Arduarium Controller Ultimate Documentation

The Arduarium Controller Ultimate has been designed to take care of everything that you may be interested in with an aquarium, aquaponics setup, hydroponics setup etc. Expandability, function and cost have been the three largest factors that were considered when designing this board.

What's come out of the design process is a shield that costs under $120 (barely). If you include a relay board, Port Expander Shield, Arduino, and ethernet shield you have an amazing controller for ~$250 that does more than controllers that are multiple times more expensive.

You can also find additional posts about this shield here: posts tagged with Arduarium Controller

Here's a quick list of what you can do with the Arduarium Controller Ultimate (running MacroDuino code):

  • read pH
  • read ORP
  • read conductivity (in any unit you want)
  • 4 PWM outputs (can be used to control relays or as PWM inputs for LED lighting)
  • RTC
  • LCD output (with configurable display options)
  • read 5 DS18B20 temperature sensors
  • perform actions based on temperature readings (turning relays on/off etc.)
  • perform actions based on digital readings (turning relays on/off etc.)
  • perform actions based on analog readings (turning relays on/off etc.)
  • perform actions based on pH
  • perform actions based on ORP
  • perform actions based on EC (electrical conductivity)
  • perform actions based on time
  • log data to pachube (requires ethernet shield)
  • simulate storm conditions (PWM outputs - WIP)
  • simulatre moon cycles (WIP)
  • remote control with the webapp via local network or internet (internet control requires you forward a port on your router to port 80 on your arduino, MacroDuino docs has info on how to do this)
  • attach float switches to the 2 analog inputs for ATO etc.
  • plus more... will post as I think of them


  • 1x I2C hookup (USB A)
  • 1x 1Wire hookup (USB A)
  • 4x PWM outputs (RJ45)
  • 2x Analog inputs (USB A)
  • DS1307 RTC
  • 2x BNC (pH or ORP)
  • 1x EC hookup
  • Runs on the MacroDuino code (which includes a webapp)


Please check out the MacroDuino code for software to run this shield.


The I2C USB hookup will allow you to plug in any I2C device that you wish. Currently, it's being used to hook up an LCD display, but there will be a breakout board that will let you hook up 5 I2C devices at the same time.


The 1Wire USB hookup allows you to connect 1Wire devices to the board. Currently, it's being used to hook up DS18B20 temperature sensors to the board. If you require more than 1 1Wire device there will be a breakout board that will allow you to hook up to 5 devices to the same USB port.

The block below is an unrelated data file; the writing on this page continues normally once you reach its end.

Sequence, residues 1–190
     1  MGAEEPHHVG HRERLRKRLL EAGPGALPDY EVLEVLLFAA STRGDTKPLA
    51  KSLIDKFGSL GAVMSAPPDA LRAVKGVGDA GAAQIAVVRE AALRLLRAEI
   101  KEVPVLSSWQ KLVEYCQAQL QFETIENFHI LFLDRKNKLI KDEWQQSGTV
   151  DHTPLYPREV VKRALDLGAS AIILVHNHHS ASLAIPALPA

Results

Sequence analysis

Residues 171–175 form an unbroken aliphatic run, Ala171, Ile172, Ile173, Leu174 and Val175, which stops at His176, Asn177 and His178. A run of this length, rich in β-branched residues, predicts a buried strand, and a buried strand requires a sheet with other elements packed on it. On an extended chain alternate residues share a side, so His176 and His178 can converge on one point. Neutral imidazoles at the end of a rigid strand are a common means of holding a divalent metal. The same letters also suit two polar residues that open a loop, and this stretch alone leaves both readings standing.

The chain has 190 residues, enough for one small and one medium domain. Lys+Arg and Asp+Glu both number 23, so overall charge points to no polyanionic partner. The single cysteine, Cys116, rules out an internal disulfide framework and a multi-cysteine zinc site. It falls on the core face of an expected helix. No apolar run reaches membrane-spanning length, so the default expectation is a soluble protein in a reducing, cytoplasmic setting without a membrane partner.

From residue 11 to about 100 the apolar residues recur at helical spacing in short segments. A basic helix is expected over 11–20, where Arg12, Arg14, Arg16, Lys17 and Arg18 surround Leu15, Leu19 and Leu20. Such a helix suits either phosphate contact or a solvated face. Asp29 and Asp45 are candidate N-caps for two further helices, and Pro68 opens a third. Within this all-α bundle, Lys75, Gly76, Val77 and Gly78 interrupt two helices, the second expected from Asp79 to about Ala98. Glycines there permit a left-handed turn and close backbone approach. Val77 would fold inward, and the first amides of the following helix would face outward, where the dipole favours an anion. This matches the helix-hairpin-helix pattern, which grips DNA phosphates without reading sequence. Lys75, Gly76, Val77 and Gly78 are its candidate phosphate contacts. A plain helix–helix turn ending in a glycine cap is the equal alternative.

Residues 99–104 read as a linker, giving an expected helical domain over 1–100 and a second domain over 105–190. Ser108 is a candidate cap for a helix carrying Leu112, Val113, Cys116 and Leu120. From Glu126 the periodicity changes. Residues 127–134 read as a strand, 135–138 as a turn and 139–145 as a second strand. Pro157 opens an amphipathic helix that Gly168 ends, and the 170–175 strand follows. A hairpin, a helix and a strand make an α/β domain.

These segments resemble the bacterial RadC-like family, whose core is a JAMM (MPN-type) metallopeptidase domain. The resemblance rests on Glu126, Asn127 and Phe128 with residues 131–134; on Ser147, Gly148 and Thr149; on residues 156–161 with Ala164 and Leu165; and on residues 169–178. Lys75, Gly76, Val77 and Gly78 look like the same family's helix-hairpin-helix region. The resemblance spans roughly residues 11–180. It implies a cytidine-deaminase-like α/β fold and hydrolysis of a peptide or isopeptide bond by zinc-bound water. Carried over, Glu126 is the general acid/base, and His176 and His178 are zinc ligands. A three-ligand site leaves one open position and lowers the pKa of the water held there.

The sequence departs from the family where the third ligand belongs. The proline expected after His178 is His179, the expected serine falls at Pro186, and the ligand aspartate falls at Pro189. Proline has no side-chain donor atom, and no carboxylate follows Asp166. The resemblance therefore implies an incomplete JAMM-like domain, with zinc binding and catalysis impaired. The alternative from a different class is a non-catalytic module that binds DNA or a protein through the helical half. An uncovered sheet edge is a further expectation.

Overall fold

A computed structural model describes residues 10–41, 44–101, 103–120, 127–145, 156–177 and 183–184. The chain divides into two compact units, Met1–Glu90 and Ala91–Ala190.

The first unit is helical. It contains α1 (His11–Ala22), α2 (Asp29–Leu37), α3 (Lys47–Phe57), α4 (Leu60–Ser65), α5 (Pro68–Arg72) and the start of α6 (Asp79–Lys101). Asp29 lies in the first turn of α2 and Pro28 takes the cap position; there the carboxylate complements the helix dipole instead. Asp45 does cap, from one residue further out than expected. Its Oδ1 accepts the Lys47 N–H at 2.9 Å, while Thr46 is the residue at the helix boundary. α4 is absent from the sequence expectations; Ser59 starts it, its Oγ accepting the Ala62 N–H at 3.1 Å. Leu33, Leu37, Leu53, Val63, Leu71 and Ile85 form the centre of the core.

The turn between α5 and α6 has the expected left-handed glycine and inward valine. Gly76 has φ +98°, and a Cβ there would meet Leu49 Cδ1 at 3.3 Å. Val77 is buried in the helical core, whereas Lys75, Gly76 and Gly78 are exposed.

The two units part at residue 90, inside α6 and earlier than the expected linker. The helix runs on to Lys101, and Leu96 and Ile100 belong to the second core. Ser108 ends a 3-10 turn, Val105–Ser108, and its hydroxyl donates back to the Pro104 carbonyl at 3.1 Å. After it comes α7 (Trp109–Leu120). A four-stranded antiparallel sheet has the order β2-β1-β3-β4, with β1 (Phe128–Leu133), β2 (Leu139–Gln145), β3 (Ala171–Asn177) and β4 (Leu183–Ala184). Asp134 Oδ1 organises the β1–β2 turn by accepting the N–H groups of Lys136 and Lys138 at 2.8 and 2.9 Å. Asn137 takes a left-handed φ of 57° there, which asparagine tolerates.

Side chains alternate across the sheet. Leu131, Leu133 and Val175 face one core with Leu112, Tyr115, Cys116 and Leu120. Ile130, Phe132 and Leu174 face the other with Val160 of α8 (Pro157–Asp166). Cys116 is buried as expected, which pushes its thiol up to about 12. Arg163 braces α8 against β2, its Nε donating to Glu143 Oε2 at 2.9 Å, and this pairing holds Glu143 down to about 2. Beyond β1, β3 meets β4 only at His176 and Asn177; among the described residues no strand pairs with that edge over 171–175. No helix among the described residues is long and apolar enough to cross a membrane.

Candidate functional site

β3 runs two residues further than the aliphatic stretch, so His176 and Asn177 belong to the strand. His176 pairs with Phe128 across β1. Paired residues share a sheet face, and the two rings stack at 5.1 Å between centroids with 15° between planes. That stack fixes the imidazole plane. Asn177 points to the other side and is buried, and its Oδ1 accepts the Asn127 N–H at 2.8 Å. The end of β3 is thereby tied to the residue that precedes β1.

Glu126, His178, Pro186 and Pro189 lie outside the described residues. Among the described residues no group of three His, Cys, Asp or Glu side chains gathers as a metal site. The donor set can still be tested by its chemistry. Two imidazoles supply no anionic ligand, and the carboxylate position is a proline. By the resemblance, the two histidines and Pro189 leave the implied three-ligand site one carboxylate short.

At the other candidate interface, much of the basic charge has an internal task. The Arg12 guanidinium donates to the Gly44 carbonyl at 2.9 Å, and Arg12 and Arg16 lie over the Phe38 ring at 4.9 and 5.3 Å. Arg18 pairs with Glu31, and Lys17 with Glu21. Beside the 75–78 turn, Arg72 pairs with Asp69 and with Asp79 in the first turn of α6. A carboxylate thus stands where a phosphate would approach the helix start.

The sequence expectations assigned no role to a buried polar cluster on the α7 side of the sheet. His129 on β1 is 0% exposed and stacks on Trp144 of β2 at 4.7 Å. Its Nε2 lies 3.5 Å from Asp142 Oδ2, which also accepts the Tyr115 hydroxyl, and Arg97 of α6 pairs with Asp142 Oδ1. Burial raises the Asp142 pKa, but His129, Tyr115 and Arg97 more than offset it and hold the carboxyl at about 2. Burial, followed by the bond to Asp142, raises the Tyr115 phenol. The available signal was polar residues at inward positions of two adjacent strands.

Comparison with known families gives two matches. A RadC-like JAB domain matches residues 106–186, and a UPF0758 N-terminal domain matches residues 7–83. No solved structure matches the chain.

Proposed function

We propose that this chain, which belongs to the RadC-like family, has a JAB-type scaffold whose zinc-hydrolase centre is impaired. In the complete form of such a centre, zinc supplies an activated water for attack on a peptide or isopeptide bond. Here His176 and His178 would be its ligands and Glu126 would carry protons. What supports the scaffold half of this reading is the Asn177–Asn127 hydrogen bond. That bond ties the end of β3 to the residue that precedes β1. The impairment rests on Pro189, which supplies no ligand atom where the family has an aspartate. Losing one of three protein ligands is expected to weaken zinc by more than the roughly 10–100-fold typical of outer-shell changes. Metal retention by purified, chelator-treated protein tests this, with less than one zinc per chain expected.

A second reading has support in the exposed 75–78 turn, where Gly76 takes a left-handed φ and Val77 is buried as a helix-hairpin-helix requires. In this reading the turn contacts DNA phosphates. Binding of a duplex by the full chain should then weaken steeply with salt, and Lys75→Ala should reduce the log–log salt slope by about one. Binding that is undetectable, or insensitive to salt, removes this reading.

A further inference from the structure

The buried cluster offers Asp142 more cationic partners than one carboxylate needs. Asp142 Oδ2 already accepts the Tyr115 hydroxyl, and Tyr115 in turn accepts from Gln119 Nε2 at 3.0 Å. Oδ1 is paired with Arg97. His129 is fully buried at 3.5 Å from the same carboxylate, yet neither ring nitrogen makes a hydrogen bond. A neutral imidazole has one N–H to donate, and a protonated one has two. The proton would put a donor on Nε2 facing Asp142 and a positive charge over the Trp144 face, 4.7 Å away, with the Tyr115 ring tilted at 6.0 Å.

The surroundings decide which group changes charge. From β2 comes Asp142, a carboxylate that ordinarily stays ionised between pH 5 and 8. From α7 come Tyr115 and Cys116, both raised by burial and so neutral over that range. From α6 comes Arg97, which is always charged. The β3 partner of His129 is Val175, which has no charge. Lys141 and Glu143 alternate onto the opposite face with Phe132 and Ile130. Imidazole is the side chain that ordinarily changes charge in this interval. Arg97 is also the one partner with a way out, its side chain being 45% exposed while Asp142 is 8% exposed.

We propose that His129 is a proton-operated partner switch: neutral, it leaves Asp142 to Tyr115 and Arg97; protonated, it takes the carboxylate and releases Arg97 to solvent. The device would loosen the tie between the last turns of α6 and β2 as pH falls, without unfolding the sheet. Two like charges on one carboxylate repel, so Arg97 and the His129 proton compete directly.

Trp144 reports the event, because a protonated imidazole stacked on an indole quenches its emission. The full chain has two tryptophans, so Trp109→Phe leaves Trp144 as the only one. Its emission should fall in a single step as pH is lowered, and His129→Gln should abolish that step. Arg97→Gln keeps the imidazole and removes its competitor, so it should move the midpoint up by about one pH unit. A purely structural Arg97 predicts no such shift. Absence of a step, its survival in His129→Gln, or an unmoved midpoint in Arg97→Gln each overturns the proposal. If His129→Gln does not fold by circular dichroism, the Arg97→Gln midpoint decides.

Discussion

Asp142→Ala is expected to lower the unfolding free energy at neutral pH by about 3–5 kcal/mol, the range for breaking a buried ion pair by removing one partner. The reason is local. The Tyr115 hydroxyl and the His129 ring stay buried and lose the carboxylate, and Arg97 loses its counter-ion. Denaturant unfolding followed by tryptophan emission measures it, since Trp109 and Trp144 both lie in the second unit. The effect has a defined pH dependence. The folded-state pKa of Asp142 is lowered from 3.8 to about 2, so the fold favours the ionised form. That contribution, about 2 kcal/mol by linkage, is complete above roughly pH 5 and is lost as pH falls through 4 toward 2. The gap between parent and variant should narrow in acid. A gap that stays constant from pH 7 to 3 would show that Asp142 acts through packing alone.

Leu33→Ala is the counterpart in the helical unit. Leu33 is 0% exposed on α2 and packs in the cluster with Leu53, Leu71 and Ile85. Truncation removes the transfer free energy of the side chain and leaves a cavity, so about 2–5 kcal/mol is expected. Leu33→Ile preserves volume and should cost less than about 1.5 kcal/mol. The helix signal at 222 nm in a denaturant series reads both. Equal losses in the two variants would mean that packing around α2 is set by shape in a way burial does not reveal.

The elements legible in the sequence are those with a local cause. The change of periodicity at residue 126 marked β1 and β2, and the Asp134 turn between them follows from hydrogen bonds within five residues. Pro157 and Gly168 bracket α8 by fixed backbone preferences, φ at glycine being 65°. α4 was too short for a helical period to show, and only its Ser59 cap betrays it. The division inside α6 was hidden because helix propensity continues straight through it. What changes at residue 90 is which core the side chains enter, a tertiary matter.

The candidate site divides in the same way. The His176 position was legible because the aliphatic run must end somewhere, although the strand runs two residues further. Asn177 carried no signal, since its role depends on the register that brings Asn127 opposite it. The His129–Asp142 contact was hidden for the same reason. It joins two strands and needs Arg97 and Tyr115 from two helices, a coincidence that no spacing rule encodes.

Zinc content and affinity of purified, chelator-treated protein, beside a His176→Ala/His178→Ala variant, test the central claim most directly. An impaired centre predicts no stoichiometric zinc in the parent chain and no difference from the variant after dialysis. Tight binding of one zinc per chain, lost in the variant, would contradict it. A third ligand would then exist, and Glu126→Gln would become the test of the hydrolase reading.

The nice thing about the PWM outputs is that they can also be used as digital inputs/outputs as well. This port is primarily designed to give you 4 lighting channels (daylights, moonlights, MH, etc). The PWM is useful for people with LED setups, or who want to control a small number of relays (<4).


The analog inputs are for float sensor hookups or reading any analog values you want. Although there are only two, you can increase that number by using resistors in series with the switches (there's an LCD shield that uses buttons in this way). Analog pins 0 and 1 are pinned out as well as Vcc and GND so you can hook up your analog sensor however you wish.

pH and ORP

pH and ORP use two analog inputs on the arduino. They are easily configurable and each one can actually be used for pH or ORP meaning you could measure 2x pH or 2x ORP or 1x pH & 1x ORP.


Although not part of the controller itself it's just as important. The LCD/Keypad will be a display for the controller. It's designed to be a satellite box that you can put on the front somewhere. A USB A-B cable will be all that's required to hook it up.


There is full support for the official Ethernet Shield in the MacroDuino code. It allows you to access every function that currently exists in the MacroDuino code (from controlling pins to sending data to pachube).

Parts Needed:

Eagle Files

Can be downloaded here.


Released under the TAPR Open Hardware License